Colin P.A. Jones wondered if he was alone in laughing out loud at a question about impaired thinking in the national nursing exam (“Stop thinking — the exam is about to start,” Zeit Gist, Dec. 18).
There is no end to this national licensing frenzy, and it brought to mind another fiasco: tour guide certification in a foreign language.
Jurisdiction for the guide system was hotly contested between two ministries — transport and welfare — in 1949, the same year when the national bar exam was made law. Parliament debate records show that the welfare ministry, which decided which hotels could be labeled “international tourist class,” eventually ceded some sovereignty to the transport bureaucrats, who started scoring tour guide candidates in subjects such as foreign-language ability and character assessment (jinbutsu kōsa), my fatal flaw.
From its inception, the pass rate for English-speaking guides in this most populous nation was deliberately kept under 300 for almost 40 years, except for the period before the 1964 Tokyo Olympics. The reason was simple, as with other vocational certifications: tightening supply despite demand meant better job security for English guides. The guild got the upper hand over people’s right to a job.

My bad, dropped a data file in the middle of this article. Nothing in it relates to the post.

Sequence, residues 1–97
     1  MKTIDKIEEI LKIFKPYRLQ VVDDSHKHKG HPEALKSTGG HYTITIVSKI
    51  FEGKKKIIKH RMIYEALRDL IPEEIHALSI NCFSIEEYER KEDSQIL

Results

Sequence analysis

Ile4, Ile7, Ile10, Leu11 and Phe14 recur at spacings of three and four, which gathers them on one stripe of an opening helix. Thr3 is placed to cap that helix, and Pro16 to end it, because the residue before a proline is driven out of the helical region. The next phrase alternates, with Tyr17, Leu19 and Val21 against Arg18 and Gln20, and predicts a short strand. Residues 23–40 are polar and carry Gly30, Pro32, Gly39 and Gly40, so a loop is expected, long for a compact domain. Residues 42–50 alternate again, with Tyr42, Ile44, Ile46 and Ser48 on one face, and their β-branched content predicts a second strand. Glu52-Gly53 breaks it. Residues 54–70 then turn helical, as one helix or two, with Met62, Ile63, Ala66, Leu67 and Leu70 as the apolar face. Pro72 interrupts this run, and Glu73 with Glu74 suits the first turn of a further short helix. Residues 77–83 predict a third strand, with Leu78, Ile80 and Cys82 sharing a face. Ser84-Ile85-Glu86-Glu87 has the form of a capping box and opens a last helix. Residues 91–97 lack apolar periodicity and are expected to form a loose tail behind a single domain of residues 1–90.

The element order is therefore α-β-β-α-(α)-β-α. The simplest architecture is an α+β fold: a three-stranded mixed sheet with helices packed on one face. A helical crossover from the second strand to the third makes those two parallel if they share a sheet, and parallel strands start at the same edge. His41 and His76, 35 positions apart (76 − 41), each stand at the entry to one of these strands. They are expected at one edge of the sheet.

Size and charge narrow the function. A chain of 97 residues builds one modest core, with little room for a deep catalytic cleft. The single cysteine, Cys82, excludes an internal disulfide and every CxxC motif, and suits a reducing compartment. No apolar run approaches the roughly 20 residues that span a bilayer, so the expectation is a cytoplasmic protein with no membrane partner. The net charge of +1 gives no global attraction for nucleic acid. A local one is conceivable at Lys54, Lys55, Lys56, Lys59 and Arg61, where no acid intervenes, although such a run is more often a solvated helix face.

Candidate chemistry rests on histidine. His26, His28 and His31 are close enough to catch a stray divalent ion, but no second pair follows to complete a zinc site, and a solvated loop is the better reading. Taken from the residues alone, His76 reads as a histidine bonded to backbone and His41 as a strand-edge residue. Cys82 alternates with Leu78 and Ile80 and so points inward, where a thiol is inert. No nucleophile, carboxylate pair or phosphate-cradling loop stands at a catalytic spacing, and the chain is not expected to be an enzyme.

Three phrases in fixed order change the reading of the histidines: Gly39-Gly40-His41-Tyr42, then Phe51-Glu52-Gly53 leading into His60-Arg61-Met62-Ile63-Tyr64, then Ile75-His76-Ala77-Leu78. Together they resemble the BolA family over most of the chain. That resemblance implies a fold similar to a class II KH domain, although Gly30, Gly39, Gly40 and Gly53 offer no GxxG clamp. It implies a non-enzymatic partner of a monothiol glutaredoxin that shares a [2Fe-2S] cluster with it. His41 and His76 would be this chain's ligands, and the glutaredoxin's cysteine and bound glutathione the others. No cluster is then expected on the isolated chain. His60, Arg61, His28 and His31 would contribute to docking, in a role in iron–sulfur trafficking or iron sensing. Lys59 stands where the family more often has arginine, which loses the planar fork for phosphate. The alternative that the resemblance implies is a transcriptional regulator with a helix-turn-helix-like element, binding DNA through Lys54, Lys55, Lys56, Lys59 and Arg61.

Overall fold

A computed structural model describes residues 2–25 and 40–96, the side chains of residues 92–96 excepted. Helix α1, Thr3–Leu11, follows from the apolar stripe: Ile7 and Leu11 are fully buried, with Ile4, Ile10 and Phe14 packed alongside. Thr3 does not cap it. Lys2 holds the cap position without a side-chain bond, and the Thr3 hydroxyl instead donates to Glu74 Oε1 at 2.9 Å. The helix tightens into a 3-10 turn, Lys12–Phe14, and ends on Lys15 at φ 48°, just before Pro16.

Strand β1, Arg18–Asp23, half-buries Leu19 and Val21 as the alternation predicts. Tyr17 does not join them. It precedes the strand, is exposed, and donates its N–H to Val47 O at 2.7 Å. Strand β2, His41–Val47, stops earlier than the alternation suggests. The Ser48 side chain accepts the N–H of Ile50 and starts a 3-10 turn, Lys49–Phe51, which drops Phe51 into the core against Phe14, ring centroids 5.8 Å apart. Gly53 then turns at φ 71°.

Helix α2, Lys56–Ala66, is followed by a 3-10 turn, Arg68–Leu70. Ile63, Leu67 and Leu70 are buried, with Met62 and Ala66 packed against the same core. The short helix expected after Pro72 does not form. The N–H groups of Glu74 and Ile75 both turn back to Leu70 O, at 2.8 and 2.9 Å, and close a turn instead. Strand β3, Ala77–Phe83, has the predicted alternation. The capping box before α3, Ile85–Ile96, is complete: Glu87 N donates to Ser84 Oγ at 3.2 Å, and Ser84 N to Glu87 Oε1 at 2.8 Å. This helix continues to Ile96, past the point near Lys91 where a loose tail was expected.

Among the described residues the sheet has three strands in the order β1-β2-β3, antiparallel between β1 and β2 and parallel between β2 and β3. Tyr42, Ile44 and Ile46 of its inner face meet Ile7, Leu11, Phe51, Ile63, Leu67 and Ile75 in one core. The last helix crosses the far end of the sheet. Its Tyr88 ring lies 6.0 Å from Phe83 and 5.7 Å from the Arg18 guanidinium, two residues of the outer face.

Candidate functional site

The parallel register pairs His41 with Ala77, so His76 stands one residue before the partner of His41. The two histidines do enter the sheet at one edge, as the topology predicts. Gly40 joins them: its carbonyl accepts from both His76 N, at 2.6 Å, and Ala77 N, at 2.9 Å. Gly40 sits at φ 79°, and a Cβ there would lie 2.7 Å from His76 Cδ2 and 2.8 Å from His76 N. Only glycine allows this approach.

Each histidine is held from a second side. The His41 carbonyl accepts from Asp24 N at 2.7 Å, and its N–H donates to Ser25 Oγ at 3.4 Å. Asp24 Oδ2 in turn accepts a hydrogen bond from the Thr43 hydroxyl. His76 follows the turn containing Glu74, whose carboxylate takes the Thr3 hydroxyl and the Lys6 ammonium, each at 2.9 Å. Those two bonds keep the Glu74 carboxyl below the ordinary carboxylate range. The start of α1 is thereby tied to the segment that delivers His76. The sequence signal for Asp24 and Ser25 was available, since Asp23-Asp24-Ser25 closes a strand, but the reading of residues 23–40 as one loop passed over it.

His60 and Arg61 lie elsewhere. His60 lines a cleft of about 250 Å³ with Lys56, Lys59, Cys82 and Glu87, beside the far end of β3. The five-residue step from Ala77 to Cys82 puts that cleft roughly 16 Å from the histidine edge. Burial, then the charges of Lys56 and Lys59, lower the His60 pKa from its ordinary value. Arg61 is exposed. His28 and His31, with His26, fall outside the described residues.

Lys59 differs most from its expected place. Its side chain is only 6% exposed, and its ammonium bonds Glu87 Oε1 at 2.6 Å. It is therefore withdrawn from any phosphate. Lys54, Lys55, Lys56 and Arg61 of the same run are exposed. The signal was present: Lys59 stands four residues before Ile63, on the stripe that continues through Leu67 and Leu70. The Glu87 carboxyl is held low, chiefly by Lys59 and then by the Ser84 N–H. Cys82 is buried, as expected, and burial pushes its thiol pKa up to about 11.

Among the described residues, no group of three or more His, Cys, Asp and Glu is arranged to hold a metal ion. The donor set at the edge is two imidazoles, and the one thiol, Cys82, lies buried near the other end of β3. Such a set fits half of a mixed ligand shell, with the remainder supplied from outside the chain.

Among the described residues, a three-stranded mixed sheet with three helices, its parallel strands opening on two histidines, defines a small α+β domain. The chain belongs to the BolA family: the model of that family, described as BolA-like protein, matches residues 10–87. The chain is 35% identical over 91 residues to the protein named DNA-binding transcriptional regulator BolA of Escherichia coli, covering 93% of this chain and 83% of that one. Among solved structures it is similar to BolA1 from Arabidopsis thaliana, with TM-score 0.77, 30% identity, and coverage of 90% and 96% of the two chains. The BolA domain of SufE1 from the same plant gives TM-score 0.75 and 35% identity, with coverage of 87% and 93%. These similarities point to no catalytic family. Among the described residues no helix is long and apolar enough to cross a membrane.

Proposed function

You would be a fool if you tried to cite the Constitution’s Article 22 here (“Every person shall have freedom . . . to choose his occupation to the extent that it does not interfere with the public welfare”). As the Liberal Democratic Party began to lose its grip on power, the supply of English guides started to show wide gyrations, making the staggering swings seen in recent parliamentary election results appear almost sober-looking.
The Japan Tourism Agency reports a first peak of the pass rate of English guides at about 12 percent in 1990, from a low of 3 or 4 percent. The rate again bottomed out as low as 4 percent in 2003, and, behold, shot as high as 21 percent in 2008. During those years, the Japanese Supreme Court had the effrontery to rip me off for ¥50,000 when it declined my appeal for an English-speaking license in just one cliche-ridden sentence. Despite my strategic change from English to the Korean language, I have been a perpetual test-taker for the national license for more than 40 years, except for my expatriate life of 22 years.
Jones-san, of course you are not alone in wondering about the absurdities of sitting for the bar exam.